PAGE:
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Lifestyle


Canton welcomes a new basilica
The Basilica of St. John is one of two minor basilicas in the state
by WKSU's KABIR BHATIA


Reporter
Kabir Bhatia
 
Bishop George Murry was an honored guest during Sunday's service. He facilitated the elevation of St. John's to basilica status
Courtesy of Carl Carlson
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In The Region:
Basilicas are Catholic churches given special ceremonial rights by the Pope, and Canton is now home to one of just two in the entire state. WKSU’s Kabir Bhatia reports.
Canton welcomes a new basilica

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More than 400 people packed downtown Canton’s St. John’s Catholic Church Sunday to witness its elevation to the Basilica of St. John the Baptist. 

Going from church to Basilica requires some work. A half-dozen parishioners spent the last three years filling out a lengthy questionnaire – in Latin -- and documenting the qualities of the church, from its beginnings in 1823 to construction of the soaring red-brick edifice in 1872 to its ongoing commitment to downtown Canton. George Mangus is parish council president.

“A building is just a building. A parish is made up of people. So many parishes had come from St. John’s as start-ups, if you will, over the many decades. And one of the things that really stood out was not only the fine example of Gothic architecture, but really fine examples of liturgy as well as social outreach in the community.”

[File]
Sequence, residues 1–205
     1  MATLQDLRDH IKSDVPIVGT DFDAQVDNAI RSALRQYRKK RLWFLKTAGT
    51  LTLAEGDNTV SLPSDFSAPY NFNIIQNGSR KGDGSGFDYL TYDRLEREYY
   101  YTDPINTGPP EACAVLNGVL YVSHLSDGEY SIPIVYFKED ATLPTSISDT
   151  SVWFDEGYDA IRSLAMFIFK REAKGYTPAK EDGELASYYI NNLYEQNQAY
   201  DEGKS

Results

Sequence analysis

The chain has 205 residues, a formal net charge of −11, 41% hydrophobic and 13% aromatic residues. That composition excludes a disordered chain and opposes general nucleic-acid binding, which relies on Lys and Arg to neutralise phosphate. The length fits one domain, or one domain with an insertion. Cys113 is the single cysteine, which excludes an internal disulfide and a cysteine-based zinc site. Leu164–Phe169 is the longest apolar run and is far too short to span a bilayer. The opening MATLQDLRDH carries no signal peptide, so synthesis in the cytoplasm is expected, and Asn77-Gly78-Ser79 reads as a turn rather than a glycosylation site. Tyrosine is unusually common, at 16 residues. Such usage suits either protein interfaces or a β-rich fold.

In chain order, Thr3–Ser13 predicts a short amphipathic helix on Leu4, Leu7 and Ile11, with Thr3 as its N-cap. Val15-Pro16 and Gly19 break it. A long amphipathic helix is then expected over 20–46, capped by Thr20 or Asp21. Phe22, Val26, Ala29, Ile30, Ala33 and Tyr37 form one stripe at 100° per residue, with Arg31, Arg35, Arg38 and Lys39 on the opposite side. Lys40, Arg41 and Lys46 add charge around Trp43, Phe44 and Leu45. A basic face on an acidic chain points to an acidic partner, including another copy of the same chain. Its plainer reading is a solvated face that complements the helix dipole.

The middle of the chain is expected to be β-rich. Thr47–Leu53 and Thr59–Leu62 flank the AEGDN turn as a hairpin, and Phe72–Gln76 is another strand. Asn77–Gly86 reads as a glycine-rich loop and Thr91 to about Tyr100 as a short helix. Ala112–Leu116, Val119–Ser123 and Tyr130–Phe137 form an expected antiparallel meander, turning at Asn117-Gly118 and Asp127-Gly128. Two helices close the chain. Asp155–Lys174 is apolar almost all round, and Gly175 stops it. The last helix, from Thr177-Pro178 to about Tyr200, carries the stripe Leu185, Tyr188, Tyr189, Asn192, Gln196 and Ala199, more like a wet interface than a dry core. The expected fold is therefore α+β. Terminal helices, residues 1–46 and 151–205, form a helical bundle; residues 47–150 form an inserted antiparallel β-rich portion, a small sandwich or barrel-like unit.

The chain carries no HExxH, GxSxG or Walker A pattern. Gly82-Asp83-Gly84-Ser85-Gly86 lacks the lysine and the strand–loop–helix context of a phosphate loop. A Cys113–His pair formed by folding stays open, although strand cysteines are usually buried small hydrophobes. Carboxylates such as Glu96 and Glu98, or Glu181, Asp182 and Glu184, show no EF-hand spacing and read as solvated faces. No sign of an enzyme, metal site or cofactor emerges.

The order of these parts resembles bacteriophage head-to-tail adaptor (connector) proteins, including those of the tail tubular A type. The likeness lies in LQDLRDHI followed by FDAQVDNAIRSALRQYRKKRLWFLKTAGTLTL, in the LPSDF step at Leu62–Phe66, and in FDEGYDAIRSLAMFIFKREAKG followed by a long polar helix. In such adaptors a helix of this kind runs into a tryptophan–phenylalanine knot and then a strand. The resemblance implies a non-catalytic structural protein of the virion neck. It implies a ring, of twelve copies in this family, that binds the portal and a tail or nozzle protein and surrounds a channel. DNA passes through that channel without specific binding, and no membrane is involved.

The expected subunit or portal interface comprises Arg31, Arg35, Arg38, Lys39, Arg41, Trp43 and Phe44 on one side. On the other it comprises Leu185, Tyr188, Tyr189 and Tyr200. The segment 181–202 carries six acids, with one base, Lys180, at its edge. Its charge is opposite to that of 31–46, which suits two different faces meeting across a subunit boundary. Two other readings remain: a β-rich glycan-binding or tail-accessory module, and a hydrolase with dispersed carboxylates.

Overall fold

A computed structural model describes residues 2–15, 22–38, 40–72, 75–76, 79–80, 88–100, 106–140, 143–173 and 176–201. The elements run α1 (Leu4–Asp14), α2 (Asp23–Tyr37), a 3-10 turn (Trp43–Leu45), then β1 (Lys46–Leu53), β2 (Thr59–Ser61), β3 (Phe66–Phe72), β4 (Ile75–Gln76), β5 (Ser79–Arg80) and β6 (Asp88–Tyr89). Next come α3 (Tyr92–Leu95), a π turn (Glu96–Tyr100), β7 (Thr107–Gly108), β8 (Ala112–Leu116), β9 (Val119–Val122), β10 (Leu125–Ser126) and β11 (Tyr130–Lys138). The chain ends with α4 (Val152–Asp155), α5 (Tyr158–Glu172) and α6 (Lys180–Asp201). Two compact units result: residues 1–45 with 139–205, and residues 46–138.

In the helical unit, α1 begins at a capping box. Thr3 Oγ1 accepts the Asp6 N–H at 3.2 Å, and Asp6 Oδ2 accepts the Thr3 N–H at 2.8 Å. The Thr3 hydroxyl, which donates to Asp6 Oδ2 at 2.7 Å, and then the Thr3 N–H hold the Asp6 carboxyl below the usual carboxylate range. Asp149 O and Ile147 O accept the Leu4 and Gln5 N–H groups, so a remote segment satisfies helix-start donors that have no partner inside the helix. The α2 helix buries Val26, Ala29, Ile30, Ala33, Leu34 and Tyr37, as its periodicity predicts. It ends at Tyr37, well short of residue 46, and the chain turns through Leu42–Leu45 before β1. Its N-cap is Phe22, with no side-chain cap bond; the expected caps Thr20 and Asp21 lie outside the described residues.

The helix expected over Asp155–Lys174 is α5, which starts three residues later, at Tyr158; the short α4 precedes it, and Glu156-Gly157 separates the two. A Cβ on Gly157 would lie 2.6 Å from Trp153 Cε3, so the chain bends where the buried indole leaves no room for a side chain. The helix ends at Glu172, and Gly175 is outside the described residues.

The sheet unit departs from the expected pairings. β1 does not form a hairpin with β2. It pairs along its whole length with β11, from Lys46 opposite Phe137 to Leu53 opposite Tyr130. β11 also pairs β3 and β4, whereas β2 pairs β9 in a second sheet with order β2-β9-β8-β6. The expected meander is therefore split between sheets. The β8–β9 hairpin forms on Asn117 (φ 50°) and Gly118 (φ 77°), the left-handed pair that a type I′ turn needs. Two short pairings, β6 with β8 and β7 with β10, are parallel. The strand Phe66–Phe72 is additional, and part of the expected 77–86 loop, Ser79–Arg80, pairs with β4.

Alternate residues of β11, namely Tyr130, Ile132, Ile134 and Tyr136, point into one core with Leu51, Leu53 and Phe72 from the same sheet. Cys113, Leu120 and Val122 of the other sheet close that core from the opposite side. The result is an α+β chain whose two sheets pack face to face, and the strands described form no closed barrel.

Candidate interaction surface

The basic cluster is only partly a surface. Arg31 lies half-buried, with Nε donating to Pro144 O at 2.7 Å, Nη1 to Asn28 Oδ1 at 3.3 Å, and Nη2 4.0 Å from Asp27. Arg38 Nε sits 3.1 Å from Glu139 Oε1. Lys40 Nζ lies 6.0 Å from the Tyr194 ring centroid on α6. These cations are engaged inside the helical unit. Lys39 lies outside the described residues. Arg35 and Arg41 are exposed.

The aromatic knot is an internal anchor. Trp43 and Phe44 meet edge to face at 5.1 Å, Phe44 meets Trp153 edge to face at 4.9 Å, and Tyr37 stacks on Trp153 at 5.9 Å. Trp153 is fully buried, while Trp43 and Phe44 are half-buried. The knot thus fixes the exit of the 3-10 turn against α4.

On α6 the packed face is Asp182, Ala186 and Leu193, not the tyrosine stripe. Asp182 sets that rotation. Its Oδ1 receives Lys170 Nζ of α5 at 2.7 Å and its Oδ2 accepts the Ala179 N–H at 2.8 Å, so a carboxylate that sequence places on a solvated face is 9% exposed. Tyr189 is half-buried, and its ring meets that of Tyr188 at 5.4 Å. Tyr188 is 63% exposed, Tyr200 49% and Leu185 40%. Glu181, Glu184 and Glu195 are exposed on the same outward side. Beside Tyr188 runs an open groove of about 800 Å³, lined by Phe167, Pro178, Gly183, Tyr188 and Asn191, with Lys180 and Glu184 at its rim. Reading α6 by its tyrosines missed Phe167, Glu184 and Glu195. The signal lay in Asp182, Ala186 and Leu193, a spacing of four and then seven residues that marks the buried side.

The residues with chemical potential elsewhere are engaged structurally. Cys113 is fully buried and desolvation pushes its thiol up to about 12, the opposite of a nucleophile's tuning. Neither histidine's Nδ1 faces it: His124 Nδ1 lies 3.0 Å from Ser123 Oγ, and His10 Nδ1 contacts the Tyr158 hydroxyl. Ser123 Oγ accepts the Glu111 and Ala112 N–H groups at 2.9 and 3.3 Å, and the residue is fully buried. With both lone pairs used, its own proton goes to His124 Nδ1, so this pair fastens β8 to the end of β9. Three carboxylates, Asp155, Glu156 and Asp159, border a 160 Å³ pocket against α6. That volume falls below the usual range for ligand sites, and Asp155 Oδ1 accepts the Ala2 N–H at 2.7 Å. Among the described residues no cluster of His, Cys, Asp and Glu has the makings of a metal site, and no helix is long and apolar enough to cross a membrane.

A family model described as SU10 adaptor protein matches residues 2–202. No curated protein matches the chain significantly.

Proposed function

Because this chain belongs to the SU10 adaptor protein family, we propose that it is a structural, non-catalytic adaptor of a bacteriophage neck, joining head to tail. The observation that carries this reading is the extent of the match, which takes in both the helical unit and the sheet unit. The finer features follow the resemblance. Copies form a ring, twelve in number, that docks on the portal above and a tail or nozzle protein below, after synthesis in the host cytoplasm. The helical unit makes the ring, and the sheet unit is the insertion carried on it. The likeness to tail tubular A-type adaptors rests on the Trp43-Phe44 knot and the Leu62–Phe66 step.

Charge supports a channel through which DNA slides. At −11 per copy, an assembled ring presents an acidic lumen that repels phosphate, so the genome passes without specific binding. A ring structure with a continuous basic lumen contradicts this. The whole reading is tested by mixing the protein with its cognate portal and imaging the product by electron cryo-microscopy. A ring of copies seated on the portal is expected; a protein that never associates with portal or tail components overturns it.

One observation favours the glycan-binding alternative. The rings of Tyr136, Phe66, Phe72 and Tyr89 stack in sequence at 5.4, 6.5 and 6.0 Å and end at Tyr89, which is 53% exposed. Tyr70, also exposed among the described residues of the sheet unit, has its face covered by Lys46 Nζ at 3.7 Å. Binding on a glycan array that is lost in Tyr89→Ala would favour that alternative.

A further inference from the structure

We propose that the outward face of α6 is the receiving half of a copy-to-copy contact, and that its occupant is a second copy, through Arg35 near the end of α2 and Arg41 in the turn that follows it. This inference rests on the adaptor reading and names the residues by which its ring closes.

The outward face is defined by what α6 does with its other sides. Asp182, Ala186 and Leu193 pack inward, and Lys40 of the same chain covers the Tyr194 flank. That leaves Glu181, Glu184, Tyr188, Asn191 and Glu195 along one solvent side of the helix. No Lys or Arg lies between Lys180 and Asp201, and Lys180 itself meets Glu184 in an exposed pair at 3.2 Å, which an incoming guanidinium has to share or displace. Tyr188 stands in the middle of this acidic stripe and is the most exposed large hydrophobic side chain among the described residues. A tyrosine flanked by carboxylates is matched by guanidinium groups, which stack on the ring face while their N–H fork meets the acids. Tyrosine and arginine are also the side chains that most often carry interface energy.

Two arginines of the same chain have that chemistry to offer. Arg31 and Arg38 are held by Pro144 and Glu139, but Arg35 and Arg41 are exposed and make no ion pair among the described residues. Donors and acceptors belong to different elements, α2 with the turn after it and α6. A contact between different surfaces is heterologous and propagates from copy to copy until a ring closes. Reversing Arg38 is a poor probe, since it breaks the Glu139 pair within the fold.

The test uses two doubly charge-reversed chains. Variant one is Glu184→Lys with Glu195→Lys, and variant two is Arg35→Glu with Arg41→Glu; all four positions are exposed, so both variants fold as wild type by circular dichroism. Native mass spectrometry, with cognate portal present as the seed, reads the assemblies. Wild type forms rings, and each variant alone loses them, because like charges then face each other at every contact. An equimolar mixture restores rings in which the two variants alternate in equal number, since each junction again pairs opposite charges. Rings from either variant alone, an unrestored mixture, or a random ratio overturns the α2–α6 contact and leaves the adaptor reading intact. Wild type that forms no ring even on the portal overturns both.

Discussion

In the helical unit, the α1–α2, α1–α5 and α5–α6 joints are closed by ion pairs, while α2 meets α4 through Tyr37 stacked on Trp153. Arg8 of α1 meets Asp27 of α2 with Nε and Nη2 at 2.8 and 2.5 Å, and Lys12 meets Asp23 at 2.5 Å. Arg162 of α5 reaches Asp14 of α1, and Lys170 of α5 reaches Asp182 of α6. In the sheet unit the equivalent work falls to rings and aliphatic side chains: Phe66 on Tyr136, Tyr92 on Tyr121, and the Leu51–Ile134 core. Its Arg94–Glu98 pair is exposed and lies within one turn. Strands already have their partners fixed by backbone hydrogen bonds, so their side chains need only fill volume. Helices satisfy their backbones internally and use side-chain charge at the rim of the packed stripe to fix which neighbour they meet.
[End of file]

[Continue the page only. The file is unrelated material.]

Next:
Mangus has been attending St. John’s since 1979. His friend, Veronica Sirpilla, has been coming even longer.

“I was baptized in this church. Had my first communion in this church. Went to St. John’s grade school here. My grandparents were married here in 1903.”

Stunning interior
Sirpilla says St. John’s stunning interior is one reason for the new designation.

“Each Station of the Cross, each stained-glass window, represents a certain period of Christ’s life. The whole church itself was designed by the architect that did St. Patrick’s in New York City. So there’s a lot of historical significance. One Protestant that came here once told me, ‘I have never heard pews that creak so much.’ And our pews, of course, are very old, too.”

Those wooden pews line a cavernous but gleaming sanctuary with a brick floor and ornate columns that was added to the National Register of Historic Places in 1974.

Social outreach
When parishioners sent their original application to become a basilica to the Vatican, they knew an honor like this does not come easy. There are only 73 in the country, and the designation recognizes historical and architectural value, as well as parish contributions to the community. The Rev. Ronald Klingler has led the church for 24 years.

“One of the things that I think we’re most proud of is our social outreach to the neighborhood. We have a Samaritan table, which we’re partners with Stark County Community Services. We serve 500 meals every Thursday. We have our own parish pantry which we serve pretty close to 85 meals a week. And those are some of the things that we can do.”

Klingler has repeatedly noted that being a basilica does not make St. John’s a museum. He intends to fulfill the Vatican’s mandate to place added emphasis on Catholic Church teachings, while humbly accepting this new honor. 
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